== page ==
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Dr. Kelsey, Pioneer of FDA Drug Trials, Dies at 101

Dr. Frances Oldham Kelsey, a Canadian pharmacologist instrumental in preventing birth injuries from medications, died on August 7 at the age of 101. Dr. Kelsey’s passing is notable because of her lifetime of work protecting the public from dangerous drugs and medications. Her most notable accomplishment led to the ban of thalidomide in the U.S.

Dr. Stephen Ostroff, acting commissioner of the US Food and Drug Administration, said of her passing, “Our nation lost a true pioneer in public health and consumer protection.” Because of her efforts, countless birth defects were prevented and the United States passed legislation that gave rise to the modern regulatory practices of the FDA.

Her history with the FDA

Dr. Kelsey began working for the FDA in 1960; one of her first assignments was to review an application to allow Richardson-Merrill to sell thalidomide, a tranquilizer and painkiller intended to reduce morning sickness in pregnant woman, in the United States. Despite its popularity in other countries and pressure from the company to approve the drug, Dr. Kelsey insisted further research was necessary.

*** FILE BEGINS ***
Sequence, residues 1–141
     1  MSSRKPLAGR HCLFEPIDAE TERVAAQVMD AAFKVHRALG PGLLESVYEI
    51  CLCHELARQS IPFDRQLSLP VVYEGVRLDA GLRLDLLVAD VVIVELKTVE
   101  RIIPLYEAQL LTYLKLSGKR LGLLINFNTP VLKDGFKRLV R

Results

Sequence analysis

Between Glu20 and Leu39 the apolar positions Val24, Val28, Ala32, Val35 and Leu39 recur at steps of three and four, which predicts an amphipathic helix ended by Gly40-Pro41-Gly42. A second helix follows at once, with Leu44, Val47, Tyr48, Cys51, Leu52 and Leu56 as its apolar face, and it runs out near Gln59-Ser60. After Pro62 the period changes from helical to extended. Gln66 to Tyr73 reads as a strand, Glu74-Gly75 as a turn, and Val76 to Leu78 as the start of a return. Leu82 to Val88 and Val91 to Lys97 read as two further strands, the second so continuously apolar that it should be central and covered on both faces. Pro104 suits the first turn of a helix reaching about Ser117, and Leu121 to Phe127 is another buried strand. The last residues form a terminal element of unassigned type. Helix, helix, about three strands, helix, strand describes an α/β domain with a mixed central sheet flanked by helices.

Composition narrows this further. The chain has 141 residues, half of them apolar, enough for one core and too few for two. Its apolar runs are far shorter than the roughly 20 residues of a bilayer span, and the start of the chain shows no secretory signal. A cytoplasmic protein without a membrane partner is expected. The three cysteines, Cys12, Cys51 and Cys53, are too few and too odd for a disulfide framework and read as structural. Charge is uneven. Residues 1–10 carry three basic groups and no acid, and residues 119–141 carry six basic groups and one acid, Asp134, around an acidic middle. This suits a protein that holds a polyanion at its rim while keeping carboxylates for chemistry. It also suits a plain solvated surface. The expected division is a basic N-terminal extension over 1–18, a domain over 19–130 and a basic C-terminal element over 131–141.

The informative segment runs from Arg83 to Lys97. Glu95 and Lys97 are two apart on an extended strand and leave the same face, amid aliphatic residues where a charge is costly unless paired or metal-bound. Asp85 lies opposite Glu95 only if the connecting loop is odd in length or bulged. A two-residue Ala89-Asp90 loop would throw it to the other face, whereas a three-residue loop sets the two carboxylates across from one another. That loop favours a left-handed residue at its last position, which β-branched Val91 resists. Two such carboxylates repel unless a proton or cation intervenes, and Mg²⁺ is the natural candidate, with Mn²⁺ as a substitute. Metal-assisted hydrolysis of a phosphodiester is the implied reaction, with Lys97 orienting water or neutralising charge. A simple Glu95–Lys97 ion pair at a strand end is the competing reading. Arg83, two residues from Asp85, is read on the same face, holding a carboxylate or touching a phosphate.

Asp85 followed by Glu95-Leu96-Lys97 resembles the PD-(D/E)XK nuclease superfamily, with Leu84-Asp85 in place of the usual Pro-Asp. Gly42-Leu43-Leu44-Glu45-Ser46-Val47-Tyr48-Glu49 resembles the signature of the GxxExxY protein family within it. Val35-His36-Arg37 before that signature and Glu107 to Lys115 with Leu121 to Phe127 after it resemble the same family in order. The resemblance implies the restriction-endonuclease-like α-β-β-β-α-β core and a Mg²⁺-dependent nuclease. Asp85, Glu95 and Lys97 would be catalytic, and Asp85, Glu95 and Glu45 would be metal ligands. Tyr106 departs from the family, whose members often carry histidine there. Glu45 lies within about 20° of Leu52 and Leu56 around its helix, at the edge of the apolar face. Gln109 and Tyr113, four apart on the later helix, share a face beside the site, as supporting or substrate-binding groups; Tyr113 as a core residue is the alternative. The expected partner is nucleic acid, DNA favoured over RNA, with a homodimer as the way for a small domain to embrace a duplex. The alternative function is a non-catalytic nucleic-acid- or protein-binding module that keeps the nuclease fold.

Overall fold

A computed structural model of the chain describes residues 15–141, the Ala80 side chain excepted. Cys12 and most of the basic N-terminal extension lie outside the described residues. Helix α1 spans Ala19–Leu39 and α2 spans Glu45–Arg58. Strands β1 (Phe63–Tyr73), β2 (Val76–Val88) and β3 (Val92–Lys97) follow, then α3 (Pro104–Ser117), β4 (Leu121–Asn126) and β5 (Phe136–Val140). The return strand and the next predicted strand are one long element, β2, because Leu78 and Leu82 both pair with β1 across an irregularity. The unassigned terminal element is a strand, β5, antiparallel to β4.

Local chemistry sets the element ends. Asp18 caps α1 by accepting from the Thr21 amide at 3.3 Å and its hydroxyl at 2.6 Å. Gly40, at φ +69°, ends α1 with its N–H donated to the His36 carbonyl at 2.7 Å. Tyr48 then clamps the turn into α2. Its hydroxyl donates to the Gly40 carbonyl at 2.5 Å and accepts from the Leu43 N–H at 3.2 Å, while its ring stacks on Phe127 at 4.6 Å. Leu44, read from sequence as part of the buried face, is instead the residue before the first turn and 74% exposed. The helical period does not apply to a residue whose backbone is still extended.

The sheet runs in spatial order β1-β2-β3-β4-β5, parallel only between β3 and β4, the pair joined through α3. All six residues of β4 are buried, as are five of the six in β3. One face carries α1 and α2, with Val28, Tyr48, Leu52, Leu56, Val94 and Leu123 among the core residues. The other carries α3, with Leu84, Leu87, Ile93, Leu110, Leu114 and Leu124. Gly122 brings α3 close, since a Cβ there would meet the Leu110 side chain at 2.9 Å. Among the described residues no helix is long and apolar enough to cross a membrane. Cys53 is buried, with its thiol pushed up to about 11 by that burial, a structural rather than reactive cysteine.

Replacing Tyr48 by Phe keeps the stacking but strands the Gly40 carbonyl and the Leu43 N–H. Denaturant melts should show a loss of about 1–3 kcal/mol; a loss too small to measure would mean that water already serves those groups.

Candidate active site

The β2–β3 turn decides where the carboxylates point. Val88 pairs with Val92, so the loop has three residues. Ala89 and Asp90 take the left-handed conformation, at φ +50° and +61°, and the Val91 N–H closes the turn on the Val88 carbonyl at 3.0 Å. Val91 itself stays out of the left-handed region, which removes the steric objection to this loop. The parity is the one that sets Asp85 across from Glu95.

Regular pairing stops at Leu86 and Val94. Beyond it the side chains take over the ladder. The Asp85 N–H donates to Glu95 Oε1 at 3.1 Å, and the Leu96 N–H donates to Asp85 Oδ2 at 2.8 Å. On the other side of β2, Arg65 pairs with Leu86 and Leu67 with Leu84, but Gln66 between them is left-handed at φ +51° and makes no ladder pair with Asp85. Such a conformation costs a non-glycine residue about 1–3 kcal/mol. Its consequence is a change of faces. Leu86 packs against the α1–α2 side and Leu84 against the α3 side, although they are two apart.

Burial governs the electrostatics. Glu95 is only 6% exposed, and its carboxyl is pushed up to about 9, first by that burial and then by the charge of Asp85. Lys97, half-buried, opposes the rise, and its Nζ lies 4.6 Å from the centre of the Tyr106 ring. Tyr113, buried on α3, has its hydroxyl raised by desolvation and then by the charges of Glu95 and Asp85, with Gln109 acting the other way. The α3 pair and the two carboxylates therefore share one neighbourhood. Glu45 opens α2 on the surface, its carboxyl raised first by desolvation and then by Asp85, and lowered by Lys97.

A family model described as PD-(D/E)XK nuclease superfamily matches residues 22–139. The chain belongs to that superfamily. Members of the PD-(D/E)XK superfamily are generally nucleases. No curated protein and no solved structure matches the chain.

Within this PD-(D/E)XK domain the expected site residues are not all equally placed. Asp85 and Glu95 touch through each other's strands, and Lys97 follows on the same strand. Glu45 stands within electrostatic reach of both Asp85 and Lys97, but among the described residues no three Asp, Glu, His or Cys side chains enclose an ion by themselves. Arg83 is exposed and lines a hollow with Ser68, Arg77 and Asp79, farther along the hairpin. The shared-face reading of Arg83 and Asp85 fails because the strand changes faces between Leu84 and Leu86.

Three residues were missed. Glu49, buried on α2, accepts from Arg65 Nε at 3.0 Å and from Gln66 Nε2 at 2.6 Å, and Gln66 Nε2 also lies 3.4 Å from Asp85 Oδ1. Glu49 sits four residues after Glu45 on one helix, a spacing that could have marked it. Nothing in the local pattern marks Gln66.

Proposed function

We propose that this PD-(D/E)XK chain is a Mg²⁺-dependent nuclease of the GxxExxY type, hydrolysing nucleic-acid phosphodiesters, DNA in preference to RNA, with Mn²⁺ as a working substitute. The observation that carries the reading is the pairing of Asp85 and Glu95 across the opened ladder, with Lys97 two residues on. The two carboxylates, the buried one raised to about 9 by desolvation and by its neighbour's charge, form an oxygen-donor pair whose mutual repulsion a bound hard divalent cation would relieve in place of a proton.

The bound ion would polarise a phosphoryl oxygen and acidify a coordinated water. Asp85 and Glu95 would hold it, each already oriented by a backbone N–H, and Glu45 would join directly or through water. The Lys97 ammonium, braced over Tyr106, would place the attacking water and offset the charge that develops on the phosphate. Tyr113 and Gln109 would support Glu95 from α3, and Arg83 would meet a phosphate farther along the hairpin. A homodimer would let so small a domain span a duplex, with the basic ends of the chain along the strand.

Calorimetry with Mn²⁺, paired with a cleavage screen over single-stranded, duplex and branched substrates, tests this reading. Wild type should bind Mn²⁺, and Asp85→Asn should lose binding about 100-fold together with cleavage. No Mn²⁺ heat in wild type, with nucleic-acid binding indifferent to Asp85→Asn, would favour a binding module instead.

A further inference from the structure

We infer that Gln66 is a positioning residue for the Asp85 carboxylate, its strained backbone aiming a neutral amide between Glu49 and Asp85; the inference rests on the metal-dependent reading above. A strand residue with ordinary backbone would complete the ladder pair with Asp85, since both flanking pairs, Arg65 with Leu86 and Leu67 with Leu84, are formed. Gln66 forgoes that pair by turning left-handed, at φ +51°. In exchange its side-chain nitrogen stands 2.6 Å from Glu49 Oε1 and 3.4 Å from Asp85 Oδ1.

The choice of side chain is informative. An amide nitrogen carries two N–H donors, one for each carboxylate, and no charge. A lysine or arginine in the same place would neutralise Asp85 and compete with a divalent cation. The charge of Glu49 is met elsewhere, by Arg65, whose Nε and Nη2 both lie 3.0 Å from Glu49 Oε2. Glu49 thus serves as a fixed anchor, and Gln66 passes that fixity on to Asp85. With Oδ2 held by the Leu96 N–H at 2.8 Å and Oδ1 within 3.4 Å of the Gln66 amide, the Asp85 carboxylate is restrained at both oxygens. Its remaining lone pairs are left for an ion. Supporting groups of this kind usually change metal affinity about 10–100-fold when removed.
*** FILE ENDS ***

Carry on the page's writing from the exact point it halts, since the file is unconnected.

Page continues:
Her efforts led to the discovery that thalidomide dramatically affected a fetus and caused serious birth defects. Children of mothers who took thalidomide during pregnancy were born without limbs and sometimes did not survive birth. At her insistence, thalidomide was never approved for sale in the United States.

John F. Kennedy presented Dr. Kelsey with a President’s Award for Distinguished Federal Civilian Service in 1962. In 2000, she was inducted into the National Women’s Hall of Fame. Dr. Kelsey retired in 2005 after 45 years in the service of public health. Because of her work, an entire generation was spared the emotional anguish and lifelong suffering that thalidomide caused in other countries.

Today, the FDA’s drug-approval process is far more stringent and complex than it was in 1960. This is due, in part, to Dr. Kelsey’s efforts and her insistence that the public be protected whatever the cost:

“Her efforts on thalidomide fueled the passage of legislation giving the FDA greater oversight and regulation of pharmaceutical products, requiring drug companies to conduct phased clinical trials to demonstrate efficacy of a new drug, in addition to safety, obtain informed consent from participants, and report side effects to the FDA. The regulations also gave the FDA greater control over drug advertising.”

While the procedures are still imperfect, they have protected countless lives and prevented needless suffering.

Dr. Ostroff said, “Our nation owes a great debt of gratitude to Dr. Frances Oldham Kelsey for her decades of service to public health.” We at Crandall & Pera Law would like to add our own thanks to Dr. Kelsey. Without her, untold numbers of children would never have had a chance at life, and countless more would be at risk without the protections afforded by the FDA.  While the struggle continues to refine the system, mistakes can be made; if you or someone you know has suffered because of a faulty medication or medical device, please contact us today to schedule an appointment in one of our Ohio or Kentucky offices.